Ness.'s picture

"Oh, there's something missing alright."  

 

http://www.youtube.com/watch?v=t4qxO31AfrI

 

 

Wed, 12/05/2012 - 19:10 | 3037519 tawse57
tawse57's picture

Paperwork.

Wed, 12/05/2012 - 19:25 | 3037560 phoolish
phoolish's picture

They got some of those bonds being carried over the Alps from Italy in backpacks instead.

Wed, 12/05/2012 - 18:42 | 3037452 The Shootist
The Shootist's picture

So what does Simon from CNBC think about this? Is he going to buy the dip, or buy Goldman's take on Gold? Better ask Pisani for the real scoop...

 

^Lawsofphysics -I'm pretty sure BUBA got lots of their gold back from the LBMA. Deutsche Bank is just a stinky pile of excrement. Hope that clears it up.

Wed, 12/05/2012 - 18:43 | 3037459 LawsofPhysics
LawsofPhysics's picture

Ah, so Deutche Bank is the BofA of Germany then?

Wed, 12/05/2012 - 19:21 | 3037546 reload
reload's picture

Germany has plenty of awful banks. West LB & most of the other LB,s were the greater fool in the sub prime /CDO scam. Dresdner all but went bust and had to be taken over by Commerz bank. Commerz still have a team sifting through the detritus that Dresdndr stashed in Dublin SIV's to sidestep German banking regs.

Even Allianz would already be toast if there was price discovery mechanism left functioning in the euro sovereign bond markets.

Wed, 12/05/2012 - 20:11 | 3037676 smacker
smacker's picture

Yep, that's about it.

Wed, 12/05/2012 - 18:17 | 3037382 Bohm Squad
Bohm Squad's picture

oops

 

 

Wed, 12/05/2012 - 18:16 | 3037387 Crtrvlt
Crtrvlt's picture

time to revisit those euro tce ratios  

Wed, 12/05/2012 - 18:16 | 3037388 The trend is yo...
The trend is your friend's picture

Nothing to see here...move along

Wed, 12/05/2012 - 18:21 | 3037405 Nnthnt1
Nnthnt1's picture

http://www.nytimes.com/2009/01/04/opinion/04lewiseinhorn.html?pagewanted...

This brilliant 2009 article (David Einhorn, Michael Lewis) gets once again confirmed...

--> the argument being that watchdogs ENABLE fraud

Maybe worth a repost Tyler?

Wed, 12/05/2012 - 22:17 | 3037958 Seer
Seer's picture

"--> the argument being that watchdogs ENABLE fraud"

Not always the case.  I will not, however, argue that it isn't the tendency.  Further, such action, in-action as might be the case, is but a product of the ENTIRE system.  Power will eventually flex to fraud. Remove all "watchdogs" and Power will still be performing the same things, only we won't be told of them, nor will actions be definable as "fraud."  Did Communist Russia (USSR) use "watchdogs" to monitor anything other than people (and the personal, not business, level)?  I don't know the answer to this question.

I'm guessing that if they're really only enablers of fraud then they can in no way be identified as "watchdogs."  And, I suppose, This is the point.  Also, it's kind of hard to appear to be serious when you don't back up your stated objectives with resources.

Wed, 12/05/2012 - 18:22 | 3037407 LawsofPhysics
LawsofPhysics's picture

The paper promises might start to burn a bit hotter when these big boys start going after one another.  Wake me when the guillotine is put back in service.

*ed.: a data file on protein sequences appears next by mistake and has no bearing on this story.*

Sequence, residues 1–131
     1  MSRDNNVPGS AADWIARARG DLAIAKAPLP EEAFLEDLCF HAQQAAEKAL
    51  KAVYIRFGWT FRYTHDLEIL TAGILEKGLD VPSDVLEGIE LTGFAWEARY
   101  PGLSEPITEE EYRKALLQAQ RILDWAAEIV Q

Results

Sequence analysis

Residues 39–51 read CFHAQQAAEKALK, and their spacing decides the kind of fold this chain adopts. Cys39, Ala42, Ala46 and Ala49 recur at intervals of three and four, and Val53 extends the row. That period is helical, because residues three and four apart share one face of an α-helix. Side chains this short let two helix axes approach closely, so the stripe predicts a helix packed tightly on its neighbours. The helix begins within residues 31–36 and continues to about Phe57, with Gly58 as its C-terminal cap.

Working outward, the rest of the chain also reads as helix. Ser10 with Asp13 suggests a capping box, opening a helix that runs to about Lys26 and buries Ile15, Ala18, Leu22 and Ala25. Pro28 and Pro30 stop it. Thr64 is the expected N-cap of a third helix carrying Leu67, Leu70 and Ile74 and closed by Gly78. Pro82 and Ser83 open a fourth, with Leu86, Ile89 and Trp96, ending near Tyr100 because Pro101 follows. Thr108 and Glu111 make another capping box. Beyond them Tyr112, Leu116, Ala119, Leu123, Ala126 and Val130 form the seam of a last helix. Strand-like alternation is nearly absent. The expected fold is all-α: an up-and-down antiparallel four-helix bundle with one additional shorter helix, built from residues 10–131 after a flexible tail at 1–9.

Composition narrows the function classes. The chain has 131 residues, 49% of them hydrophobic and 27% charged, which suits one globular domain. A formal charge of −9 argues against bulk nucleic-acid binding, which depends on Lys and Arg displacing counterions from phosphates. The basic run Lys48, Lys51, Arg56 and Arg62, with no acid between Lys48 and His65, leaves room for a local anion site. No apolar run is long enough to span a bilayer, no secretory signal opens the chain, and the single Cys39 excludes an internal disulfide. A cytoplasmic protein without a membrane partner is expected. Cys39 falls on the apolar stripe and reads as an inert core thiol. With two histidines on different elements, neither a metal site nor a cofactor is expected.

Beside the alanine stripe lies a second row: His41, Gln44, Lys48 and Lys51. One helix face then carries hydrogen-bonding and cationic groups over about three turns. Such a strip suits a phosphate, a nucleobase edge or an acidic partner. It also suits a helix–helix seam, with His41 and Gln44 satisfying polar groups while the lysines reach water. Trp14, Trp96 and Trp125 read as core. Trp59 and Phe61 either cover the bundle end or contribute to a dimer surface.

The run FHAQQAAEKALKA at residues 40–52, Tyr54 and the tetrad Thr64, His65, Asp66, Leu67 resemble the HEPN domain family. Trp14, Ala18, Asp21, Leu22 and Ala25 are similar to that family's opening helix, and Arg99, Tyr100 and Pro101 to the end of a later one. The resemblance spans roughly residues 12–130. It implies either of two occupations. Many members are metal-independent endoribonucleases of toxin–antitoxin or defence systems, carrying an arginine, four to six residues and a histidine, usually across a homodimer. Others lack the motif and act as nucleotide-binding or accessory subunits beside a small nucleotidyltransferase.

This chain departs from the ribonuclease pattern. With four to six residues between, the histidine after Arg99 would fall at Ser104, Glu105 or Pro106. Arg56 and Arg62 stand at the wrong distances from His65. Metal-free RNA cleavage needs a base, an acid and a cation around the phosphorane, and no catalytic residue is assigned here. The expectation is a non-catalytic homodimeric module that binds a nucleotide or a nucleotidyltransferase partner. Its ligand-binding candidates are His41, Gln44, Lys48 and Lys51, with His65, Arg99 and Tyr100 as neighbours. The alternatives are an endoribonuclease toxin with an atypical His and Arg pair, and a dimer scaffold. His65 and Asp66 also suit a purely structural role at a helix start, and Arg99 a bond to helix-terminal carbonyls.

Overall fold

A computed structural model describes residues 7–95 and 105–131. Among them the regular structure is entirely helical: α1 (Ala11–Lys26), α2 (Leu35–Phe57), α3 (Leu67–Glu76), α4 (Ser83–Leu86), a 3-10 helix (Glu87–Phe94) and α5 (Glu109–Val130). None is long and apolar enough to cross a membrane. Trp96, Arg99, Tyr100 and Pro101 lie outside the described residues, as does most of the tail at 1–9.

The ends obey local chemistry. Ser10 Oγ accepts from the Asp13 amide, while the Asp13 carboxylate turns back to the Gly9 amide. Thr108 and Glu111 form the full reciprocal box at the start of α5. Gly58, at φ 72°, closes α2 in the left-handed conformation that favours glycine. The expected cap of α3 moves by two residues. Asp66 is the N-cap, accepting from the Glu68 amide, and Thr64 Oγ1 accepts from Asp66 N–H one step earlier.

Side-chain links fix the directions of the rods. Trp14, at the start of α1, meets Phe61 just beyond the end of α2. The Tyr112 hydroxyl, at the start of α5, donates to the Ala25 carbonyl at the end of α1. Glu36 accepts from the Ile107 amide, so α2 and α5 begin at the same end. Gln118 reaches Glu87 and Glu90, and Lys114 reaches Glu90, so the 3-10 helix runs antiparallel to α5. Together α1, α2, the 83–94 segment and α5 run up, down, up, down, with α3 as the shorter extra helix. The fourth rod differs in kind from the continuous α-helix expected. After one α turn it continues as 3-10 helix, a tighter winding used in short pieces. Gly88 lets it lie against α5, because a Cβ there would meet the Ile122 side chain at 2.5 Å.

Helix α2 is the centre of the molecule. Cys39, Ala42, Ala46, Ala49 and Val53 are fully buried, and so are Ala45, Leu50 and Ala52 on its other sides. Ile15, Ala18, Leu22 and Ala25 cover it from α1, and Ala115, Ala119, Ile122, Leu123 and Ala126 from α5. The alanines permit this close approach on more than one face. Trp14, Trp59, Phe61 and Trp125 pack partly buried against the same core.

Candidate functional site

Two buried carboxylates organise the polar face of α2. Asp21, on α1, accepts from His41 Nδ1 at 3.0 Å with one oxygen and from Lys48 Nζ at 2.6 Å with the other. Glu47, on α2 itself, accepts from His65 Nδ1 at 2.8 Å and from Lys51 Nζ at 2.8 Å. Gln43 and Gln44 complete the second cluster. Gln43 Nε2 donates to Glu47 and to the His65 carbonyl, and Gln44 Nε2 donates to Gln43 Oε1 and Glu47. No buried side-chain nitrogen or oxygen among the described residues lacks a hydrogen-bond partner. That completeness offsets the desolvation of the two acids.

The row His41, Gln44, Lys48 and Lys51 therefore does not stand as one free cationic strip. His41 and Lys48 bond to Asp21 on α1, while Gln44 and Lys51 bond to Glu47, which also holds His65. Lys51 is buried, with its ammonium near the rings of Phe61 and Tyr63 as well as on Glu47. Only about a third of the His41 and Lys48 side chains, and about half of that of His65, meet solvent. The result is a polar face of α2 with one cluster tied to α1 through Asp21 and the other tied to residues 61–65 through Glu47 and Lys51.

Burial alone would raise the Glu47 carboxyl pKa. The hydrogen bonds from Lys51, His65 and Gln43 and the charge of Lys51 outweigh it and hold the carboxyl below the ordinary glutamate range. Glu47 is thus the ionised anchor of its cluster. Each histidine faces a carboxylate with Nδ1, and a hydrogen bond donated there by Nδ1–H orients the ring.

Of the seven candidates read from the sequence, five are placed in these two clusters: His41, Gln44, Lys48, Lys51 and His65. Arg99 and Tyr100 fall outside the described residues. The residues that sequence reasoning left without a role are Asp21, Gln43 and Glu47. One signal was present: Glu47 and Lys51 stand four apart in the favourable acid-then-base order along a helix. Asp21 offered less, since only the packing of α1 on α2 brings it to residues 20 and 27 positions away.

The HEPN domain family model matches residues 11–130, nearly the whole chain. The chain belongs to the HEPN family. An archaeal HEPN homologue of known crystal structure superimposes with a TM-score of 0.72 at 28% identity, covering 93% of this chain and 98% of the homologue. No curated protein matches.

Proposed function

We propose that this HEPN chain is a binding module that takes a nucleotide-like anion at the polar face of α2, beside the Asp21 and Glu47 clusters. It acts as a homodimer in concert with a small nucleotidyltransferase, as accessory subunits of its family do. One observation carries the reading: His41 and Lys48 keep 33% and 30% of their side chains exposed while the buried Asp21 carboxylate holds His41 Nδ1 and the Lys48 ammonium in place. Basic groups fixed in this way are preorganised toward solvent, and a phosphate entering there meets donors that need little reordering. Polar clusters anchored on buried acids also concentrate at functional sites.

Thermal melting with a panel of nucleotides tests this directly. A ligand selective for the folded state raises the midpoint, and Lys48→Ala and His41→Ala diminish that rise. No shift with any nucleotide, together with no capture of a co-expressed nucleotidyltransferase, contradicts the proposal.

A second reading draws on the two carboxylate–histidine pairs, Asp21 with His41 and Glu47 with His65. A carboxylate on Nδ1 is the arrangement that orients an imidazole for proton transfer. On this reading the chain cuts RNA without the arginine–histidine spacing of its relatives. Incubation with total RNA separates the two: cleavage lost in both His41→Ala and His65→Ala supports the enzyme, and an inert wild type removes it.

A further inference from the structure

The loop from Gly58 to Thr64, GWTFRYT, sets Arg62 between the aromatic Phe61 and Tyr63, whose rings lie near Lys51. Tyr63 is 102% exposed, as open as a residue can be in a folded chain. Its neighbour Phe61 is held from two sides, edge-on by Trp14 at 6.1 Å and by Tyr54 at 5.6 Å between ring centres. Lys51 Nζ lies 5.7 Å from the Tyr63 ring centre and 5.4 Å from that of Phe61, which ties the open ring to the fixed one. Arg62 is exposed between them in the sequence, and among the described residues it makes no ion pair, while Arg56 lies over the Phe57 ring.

Wed, 12/05/2012 - 22:20 | 3037969 Seer
Seer's picture

"The paper promises might start to burn a bit hotter when these big boys start going after one another. "

The Prisoners Dilemma.  But, will any justice appear before the collapse?

Wed, 12/05/2012 - 18:26 | 3037416 Chupacabra-322
Chupacabra-322's picture

"It appears Mr. Khuzami has done quite well while working in the private sector, undoubtedly defending his German employer from precisely the same actions he, or someone else at the SEC, may soon charge the firm was defrauding investors by. His total disclosed asset range from $2,525,000 to $11,375,000. It is also ironic that nearly half Mr. Khuzami's assets are contained in real estate, and not to mention that a substantial amount of his assets are also contained in Deutsche Bank plans as well as DB stock deferred comp."

 

Hypothetically speaking, this Khuzami guy needs to be hung upside down in public with a knife to his throat.  Hypothetically speaking of course.....

Thu, 12/06/2012 - 05:51 | 3037478 XitSam
XitSam's picture

As I understand this, Khuzami was US general counsel, did he know about a 'hide the $12 Billion scheme'? If he did, then he was/is a criminal for letting DB file fraudulent SEC documents (10k? I don't know this stuff) and had the nerve to apply for an SEC job.  If he didn't, then DB is hiding stuff from its general counsel, and is still fraud by them.  He's now working for the SEC, and even if recused on this, can influence SEC investigator's careers, the only way he can really recuse is to quit the SEC. All this affects DB share price in the crisis to gain enormous advantage over competitors. Is this right? 

Well, Deutsche Bank wil pay a $2 billion fine without admitting wrongdoing. Khuzami can keep his job. Corzine is not in jail. Nothing to see here. Oh look, Dancing With The Stars is on.

Typo fixed: never -> nerve

Wed, 12/05/2012 - 18:26 | 3037418 edmondantes
edmondantes's picture

I am shocked at these allegations of corruption, fraud and systemic collusion in relation to such a reputable and upstanding banking institution... I can scarely believe it.... don't you realise DB has all of €50bn in capital to sustain its €2.5 trillion of assets... it can't be true to suggest that a 2% decline in the value of its assets renders it insolvent... after all most of these assets are AAA rated super safe government bonds and derivative postions with excellent counterparties ....  besides Germany can easily assume DB's liabilities of say 80% of GDP ... or they could apply for unlimited OMT from the ECB...  and are you not aware that Ackermann attended the Bilderberg conference (again) this year?  No action will ever be taken against such a pillar of the international community.